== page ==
Photo/Illutration The Ground Self-Defense Forces’ Camp Yonaguni in Okinawa Prefecture (Asahi Shimbun file photo)

In what amounts to an unprecedented step in the postwar era, the government is considering using construction bonds to help fund a massive military buildup that is making Asian neighbors anxious.

Construction bonds are normally used to pay for public works projects, such as roads, that will be used by the public for a prolonged period.

For decades, the government has stood firm in not using them to fund defense expenditures for, among other things, building aircraft and naval vessels that have a relatively short shelf life.

A government panel of experts submitted a report in November that warned against the use of government bonds to pay for defense, harking back to disastrous decisions in World War II when war bonds were issued to fund the ballooning costs of fighting.

Forging ahead with the issuance of construction bonds would mark a major shift in policy by the Kishida administration.

One proposal under consideration is to issue about 1.6 trillion yen ($11.8 billion) in construction bonds for the five years until fiscal 2027, sources said.

The money would be used to build barracks for the Self-Defense Forces as well as warehouses on SDF bases. The funds could also be used for the construction of ports in the Nansei chain of islands extending out from southern Kyushu that would be a focal point of a military flare-up over Taiwan, the sources added.

A key concern is that once construction bonds have been used, it could open the floodgates for more to be issued if even greater defense expenditures are called for in the future.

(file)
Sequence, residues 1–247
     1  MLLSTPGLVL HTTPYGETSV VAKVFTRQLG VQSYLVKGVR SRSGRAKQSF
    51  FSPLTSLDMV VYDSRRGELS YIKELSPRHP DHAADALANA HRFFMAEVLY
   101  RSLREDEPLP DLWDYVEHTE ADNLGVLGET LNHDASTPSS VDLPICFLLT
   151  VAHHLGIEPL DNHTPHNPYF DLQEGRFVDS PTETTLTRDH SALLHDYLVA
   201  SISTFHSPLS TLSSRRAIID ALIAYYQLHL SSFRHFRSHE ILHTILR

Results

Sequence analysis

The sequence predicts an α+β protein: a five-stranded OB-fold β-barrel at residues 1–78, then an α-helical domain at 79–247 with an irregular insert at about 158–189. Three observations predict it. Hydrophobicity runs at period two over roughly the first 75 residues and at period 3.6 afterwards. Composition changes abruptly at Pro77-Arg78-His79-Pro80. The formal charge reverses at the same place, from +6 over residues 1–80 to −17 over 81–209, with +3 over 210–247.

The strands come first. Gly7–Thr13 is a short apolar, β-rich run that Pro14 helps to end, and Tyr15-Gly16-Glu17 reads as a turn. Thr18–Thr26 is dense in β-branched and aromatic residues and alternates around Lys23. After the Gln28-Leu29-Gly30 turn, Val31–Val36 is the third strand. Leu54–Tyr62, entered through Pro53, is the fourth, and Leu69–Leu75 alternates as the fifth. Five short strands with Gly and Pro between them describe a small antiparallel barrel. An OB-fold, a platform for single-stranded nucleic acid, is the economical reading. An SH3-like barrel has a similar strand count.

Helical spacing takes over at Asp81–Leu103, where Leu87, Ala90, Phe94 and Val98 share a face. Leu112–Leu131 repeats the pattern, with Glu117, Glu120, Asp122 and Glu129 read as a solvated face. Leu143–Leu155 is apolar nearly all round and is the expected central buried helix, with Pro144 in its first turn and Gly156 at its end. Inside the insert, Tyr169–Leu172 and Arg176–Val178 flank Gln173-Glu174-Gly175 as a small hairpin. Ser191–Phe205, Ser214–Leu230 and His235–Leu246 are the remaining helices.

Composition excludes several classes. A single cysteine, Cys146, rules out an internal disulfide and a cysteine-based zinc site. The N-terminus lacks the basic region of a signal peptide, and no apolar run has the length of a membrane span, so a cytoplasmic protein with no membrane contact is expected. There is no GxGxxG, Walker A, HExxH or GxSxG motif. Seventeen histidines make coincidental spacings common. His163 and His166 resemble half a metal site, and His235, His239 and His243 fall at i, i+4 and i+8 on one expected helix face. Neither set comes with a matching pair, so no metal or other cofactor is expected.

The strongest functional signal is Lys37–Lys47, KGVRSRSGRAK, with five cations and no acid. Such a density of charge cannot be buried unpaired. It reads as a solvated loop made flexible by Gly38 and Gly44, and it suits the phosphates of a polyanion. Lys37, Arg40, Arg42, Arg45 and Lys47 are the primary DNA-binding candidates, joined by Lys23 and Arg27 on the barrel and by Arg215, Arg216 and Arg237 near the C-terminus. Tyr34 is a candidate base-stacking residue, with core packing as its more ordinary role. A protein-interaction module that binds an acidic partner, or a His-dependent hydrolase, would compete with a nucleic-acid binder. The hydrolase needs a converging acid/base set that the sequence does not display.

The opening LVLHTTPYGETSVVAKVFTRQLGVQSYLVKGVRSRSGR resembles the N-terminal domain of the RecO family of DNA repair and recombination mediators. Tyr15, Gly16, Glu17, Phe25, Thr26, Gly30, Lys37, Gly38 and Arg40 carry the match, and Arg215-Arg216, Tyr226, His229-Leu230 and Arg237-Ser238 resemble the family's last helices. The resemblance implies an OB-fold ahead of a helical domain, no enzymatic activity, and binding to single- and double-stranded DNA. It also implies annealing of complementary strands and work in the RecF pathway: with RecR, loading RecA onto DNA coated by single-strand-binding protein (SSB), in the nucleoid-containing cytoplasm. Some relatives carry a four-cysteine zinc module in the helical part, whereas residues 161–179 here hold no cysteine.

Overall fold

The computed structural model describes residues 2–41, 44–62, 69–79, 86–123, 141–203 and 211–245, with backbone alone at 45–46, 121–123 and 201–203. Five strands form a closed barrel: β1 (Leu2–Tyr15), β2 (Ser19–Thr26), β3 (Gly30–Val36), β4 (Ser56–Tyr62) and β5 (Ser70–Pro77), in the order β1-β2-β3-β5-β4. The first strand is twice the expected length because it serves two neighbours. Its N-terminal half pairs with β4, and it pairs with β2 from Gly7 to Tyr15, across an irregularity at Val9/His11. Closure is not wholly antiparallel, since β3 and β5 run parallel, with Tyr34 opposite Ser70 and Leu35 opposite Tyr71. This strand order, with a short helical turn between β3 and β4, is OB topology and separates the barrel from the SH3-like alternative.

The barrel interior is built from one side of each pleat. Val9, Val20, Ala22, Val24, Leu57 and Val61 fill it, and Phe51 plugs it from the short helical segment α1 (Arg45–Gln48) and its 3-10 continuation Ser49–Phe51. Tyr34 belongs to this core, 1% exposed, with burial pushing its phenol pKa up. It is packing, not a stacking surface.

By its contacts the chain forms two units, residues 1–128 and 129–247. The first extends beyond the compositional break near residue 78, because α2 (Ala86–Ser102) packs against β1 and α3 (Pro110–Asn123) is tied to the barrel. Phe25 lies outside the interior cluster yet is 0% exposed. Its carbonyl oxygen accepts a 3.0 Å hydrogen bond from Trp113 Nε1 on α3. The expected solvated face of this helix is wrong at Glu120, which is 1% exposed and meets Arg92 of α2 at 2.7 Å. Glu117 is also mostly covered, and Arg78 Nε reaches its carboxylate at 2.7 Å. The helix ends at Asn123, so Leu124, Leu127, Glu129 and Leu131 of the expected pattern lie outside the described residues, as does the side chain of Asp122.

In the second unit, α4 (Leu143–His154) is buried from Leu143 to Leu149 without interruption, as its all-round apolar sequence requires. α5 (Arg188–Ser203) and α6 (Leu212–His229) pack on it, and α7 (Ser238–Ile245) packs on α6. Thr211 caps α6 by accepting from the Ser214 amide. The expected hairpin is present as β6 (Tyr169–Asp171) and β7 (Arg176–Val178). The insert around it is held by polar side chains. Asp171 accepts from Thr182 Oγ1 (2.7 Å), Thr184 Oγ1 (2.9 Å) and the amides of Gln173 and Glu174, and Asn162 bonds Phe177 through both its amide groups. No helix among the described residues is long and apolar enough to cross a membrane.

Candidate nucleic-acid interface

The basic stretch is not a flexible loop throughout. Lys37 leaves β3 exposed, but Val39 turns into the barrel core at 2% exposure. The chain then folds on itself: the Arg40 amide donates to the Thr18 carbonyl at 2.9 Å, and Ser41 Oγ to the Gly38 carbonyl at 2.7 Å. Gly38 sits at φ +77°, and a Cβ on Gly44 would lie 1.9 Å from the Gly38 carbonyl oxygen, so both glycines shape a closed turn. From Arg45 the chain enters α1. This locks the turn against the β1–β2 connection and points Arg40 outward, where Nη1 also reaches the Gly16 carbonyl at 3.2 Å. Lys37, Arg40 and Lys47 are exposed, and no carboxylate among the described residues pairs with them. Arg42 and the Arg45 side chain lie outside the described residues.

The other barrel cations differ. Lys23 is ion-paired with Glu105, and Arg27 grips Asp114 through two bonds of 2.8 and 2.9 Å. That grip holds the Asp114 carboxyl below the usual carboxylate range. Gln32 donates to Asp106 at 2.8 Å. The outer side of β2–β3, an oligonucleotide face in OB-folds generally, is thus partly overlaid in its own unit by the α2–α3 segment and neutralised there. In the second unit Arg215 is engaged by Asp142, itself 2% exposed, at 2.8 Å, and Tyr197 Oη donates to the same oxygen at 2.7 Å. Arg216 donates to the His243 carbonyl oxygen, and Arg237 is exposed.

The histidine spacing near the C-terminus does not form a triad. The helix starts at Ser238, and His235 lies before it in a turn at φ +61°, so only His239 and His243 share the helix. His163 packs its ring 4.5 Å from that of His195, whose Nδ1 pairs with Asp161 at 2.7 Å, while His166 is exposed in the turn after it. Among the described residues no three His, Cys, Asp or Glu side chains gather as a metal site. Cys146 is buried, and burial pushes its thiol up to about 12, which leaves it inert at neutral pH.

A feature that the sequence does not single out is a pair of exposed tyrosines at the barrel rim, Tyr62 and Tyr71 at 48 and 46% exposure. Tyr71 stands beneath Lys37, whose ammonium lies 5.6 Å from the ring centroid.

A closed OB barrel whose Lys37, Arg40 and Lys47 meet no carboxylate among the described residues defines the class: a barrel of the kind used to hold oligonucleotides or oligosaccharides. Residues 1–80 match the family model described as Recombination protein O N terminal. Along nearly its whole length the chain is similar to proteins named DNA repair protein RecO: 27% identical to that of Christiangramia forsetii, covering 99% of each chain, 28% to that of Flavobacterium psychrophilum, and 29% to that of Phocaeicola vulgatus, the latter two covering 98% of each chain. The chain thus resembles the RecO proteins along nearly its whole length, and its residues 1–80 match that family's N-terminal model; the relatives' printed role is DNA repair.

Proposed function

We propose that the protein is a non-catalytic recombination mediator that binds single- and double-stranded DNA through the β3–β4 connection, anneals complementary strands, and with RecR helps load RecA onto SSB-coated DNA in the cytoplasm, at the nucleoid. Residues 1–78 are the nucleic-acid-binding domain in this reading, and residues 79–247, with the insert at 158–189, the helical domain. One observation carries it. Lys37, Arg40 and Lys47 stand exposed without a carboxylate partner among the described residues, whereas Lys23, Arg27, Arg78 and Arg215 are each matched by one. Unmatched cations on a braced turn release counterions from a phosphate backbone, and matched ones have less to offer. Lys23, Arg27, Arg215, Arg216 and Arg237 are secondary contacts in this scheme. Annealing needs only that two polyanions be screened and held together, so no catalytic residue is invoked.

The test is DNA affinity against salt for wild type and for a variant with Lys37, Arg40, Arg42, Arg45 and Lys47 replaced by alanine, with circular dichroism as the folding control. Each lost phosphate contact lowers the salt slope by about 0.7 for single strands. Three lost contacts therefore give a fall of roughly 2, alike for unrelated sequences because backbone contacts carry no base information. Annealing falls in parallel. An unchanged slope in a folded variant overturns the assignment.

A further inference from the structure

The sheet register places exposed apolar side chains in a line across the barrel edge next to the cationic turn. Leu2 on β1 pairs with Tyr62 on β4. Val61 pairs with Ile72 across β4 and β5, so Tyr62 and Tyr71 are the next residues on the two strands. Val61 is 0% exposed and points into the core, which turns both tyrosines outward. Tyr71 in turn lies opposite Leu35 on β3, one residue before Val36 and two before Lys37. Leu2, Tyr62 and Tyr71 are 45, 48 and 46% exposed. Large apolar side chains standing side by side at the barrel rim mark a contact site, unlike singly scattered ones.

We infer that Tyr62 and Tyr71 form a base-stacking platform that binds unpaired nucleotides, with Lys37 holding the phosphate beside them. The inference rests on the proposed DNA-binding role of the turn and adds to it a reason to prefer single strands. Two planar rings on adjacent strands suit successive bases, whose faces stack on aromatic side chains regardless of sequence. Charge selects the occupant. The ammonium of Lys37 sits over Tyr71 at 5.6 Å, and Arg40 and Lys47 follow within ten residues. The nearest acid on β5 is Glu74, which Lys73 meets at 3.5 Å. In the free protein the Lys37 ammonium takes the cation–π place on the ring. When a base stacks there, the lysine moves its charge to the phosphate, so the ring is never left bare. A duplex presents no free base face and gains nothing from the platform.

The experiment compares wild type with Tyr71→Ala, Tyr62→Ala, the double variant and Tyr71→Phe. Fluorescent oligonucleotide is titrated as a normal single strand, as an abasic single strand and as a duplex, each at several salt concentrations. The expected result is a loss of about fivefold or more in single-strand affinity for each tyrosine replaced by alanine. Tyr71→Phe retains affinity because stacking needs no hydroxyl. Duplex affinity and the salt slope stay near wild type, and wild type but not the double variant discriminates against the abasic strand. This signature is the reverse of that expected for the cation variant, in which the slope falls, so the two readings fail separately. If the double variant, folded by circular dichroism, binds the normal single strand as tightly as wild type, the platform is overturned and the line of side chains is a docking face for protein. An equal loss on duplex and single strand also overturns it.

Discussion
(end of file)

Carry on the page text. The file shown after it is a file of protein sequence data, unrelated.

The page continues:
The government says an additional 17 trillion yen will be needed to finance the new five-year defense spending plan.

Aside from construction bonds and tax increases, government officials are considering three other revenue sources to pay for the increase.

They expect 4.6 trillion yen to come from a new fund to strengthen defense capabilities that will include non-tax revenues, money that went unspent by independent administrative agencies and gains from the sale of government assets. The other revenue sources are 3.5 trillion yen from unspent funds in other areas and 3 trillion yen from spending reforms.

High-ranking officials of the ruling Liberal Democratic Party’s Research Commission on the Tax System agreed Dec. 14  that the 1 trillion yen needed in fiscal 2027 would be paid for through increases in corporate, cigarette and personal income taxes, although no specific amounts were decided.

(Ryuhei Tsutsui contributed to this article.)